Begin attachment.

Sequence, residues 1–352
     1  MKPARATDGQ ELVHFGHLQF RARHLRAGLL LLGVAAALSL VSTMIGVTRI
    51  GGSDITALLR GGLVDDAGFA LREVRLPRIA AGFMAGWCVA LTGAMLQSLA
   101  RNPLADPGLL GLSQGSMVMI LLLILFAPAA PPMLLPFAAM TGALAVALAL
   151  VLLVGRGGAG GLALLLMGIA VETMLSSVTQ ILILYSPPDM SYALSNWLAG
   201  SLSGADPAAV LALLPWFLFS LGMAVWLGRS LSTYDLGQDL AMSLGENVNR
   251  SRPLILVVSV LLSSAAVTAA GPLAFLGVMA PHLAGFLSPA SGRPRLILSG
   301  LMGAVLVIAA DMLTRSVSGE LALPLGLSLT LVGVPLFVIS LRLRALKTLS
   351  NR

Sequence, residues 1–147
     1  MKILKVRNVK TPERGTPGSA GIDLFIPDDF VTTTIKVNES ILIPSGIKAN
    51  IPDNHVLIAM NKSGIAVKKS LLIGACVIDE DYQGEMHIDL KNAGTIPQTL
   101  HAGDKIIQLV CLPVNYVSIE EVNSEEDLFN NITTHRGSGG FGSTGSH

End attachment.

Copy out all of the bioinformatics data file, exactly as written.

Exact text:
Sequence, residues 1–352
     1  MKPARATDGQ ELVHFGHLQF RARHLRAGLL LLGVAAALSL VSTMIGVTRI
    51  GGSDITALLR GGLVDDAGFA LREVRLPRIA AGFMAGWCVA LTGAMLQSLA
   101  RNPLADPGLL GLSQGSMVMI LLLILFAPAA PPMLLPFAAM TGALAVALAL
   151  VLLVGRGGAG GLALLLMGIA VETMLSSVTQ ILILYSPPDM SYALSNWLAG
   201  SLSGADPAAV LALLPWFLFS LGMAVWLGRS LSTYDLGQDL AMSLGENVNR
   251  SRPLILVVSV LLSSAAVTAA GPLAFLGVMA PHLAGFLSPA SGRPRLILSG
   301  LMGAVLVIAA DMLTRSVSGE LALPLGLSLT LVGVPLFVIS LRLRALKTLS
   351  NR

Sequence, residues 1–147
     1  MKILKVRNVK TPERGTPGSA GIDLFIPDDF VTTTIKVNES ILIPSGIKAN
    51  IPDNHVLIAM NKSGIAVKKS LLIGACVIDE DYQGEMHIDL KNAGTIPQTL
   101  HAGDKIIQLV CLPVNYVSIE EVNSEEDLFN NITTHRGSGG FGSTGSH